4)    A preoccupation with the product itself and not enough about how it meets a customer need.

This fits nicely into my concept of having a “design view” of your business (see this blog post). The bottom line is that if you are not continually looking at how your products are meeting a more broad definition of  your customer’s needs, then someone else will. In my opinion that really is the basis of Christensen’s concept of “disruption”.

This also fits well with a recent article in Harvard Business Review entitled The Grass Isn’t Greener”. The author points out that in many cases management concludes that sagging revenue growth is related to their “industry”, and then attempt to improve growth by  finding a “better industry”, through for instance acquisitions. The authors looked at shareholder returns over a (10) year period in multiple industries and found that they are strikingly similar. Their conclusion is that you are better off determining ways to standout in your industry vs. thinking that the “grass is greener” on the other side of the fence! This is exactly Levitt’s point.

Let’s return to the “marketing communications” aspect of marketing. There are two basic sets of activities here. One set of activities are focused “outward” to the potential customer base, and the other set is directed “inward” towards the internal organization.

The “outward” aspects are what would classically be described as the “4P’s”: Product, Place, Price, and Promotion. Even here, there is room for a more nuanced, customer-centric definition, as described in Rethinking the 4P’s, a recent Harvard Business Review article. The figure below summarizes how the article redefines them.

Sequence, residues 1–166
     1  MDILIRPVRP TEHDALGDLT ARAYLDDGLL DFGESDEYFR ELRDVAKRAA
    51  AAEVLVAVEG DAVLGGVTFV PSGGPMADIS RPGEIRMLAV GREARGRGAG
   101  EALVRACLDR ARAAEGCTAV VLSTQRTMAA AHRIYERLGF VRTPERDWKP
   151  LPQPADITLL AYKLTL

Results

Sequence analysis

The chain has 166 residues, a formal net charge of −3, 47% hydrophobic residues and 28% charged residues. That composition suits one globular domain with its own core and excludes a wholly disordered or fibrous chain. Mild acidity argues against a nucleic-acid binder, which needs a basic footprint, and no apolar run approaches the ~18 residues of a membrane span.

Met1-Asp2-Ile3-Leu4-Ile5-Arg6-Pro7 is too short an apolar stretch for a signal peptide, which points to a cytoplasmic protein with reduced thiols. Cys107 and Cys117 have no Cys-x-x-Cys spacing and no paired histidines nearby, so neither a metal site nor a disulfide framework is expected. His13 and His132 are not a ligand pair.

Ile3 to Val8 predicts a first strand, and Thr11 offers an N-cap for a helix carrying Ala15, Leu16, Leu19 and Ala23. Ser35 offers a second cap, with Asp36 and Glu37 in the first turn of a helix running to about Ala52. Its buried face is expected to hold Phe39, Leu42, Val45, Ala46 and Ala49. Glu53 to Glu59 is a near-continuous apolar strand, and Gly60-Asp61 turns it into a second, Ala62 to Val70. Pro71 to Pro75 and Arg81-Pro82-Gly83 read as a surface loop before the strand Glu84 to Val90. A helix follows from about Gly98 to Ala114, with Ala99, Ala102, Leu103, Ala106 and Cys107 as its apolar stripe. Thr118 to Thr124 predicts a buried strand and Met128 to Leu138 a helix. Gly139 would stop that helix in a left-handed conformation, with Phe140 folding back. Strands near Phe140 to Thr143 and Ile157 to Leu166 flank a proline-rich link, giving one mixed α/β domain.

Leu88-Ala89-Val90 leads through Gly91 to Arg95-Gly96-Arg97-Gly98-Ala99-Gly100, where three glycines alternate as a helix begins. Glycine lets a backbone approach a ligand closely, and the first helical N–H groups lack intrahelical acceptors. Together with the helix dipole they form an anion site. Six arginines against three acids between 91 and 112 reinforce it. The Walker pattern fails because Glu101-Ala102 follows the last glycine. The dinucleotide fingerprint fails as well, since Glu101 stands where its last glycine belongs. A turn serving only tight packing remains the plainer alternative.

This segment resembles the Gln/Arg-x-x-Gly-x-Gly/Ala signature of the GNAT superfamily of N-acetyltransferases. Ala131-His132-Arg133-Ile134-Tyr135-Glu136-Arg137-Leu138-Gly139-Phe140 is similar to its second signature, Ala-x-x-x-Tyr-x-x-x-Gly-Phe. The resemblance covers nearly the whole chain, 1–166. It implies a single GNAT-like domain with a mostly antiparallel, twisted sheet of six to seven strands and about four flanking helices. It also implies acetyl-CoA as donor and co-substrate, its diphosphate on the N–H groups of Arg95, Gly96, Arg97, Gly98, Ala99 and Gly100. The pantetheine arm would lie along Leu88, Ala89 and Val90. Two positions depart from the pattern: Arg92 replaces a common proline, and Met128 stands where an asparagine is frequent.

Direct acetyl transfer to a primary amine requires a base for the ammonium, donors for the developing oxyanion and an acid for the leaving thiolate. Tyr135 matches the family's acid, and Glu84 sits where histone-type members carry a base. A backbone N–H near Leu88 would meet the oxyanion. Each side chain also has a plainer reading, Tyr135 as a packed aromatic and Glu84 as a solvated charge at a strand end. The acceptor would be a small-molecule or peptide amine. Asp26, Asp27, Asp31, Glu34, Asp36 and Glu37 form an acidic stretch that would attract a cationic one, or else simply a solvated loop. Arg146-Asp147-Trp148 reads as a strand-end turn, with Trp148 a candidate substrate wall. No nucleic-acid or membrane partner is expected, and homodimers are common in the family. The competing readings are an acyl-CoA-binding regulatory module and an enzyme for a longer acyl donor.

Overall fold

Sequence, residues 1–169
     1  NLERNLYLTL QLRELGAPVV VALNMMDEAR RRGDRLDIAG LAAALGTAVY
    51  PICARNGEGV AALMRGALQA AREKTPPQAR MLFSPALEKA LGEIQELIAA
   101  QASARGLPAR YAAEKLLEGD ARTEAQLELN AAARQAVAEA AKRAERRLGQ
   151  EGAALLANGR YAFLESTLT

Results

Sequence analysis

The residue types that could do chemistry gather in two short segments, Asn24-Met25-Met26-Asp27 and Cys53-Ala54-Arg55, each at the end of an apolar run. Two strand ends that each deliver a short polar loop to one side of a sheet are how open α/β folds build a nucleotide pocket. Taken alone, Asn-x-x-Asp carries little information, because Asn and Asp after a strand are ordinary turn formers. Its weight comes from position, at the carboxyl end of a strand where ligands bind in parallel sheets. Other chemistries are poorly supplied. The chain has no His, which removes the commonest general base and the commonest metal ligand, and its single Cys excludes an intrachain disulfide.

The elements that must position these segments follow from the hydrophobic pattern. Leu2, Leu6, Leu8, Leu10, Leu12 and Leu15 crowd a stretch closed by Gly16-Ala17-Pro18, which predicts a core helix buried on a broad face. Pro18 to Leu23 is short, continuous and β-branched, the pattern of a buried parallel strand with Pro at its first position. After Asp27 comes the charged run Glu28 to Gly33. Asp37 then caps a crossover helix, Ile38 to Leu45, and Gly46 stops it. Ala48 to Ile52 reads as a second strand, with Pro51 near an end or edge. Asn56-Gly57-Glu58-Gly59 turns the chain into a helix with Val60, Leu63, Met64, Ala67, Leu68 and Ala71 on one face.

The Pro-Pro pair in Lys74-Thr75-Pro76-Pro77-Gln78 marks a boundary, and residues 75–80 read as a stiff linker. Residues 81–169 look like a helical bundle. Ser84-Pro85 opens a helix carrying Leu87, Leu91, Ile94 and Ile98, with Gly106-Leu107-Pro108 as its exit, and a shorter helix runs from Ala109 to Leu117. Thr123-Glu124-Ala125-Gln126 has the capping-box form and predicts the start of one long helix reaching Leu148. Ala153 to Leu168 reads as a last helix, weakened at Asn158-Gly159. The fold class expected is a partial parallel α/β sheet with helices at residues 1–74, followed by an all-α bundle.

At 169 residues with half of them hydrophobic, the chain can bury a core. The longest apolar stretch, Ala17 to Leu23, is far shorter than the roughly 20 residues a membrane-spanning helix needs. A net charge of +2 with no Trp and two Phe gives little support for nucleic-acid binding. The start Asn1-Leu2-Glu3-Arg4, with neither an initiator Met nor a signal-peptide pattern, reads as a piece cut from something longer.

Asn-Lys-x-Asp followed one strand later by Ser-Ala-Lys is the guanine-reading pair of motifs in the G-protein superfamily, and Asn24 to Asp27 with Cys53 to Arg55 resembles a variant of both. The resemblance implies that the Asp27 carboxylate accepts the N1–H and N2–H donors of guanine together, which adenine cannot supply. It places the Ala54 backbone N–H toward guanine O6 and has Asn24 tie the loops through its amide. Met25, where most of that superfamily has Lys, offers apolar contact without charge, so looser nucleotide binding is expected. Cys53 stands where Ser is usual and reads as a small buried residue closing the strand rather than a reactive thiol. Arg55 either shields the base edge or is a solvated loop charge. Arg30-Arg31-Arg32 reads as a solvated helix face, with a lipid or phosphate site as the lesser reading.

4PsFinally, there are “inward” directed marketing activities, which are focused on internal stakeholders, typically those in sales. This is often forgotten in the rush to get a product to market, but is very important. It relates to helping the sales organization to successfully position and sell the product, and become product champions. Having been in sales, I can attest to the importance of this aspect of “marketing”. These efforts are especially important if the innovation is new-to-the-firm and there is not sufficient internal knowledge. A timely article on this subject was recently published in the Journal of Product Innovation Management.

So, we have discussed many aspects of “marketing” and its role in NPD. What do you think? Are there other definitions missing from this discussion? How do you define marketing and its role in NPD?

Notes:

(1) See pages 30-31: Thomas J. Allen and Gunter W. Henn, The Organization and Architecture of Innovation. (New York: Elsevier, Inc., 2007)

New Product Visions is a consulting company that helps organizations improve the effectiveness of their new product development processes. We specialize in small to mid-sized companies that manufacture highly engineered products. Contact us today about how we might help you!

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3 thoughts on “What’s the “Right” Definition of Marketing?

  1. When in doubt, go with Peter Drucker, who said the purpose of business is to create a customer. As such, a business has only two primary functions: marketing and innovation. These are inextricably linked: the purpose of marketing is to know customers so well that a product sells itself.

    I use this lens to view marketing and innovation. Simple. Concise. True.

    • New Product Development (NPD) is a field that combines best practices of engineering design with market research to deliver top-line growth for firms in a variety of industries. Yet, somehow engineers and marketers feel they are as far apart as the moon is from the sun – The Clash of Marketing and Engineering.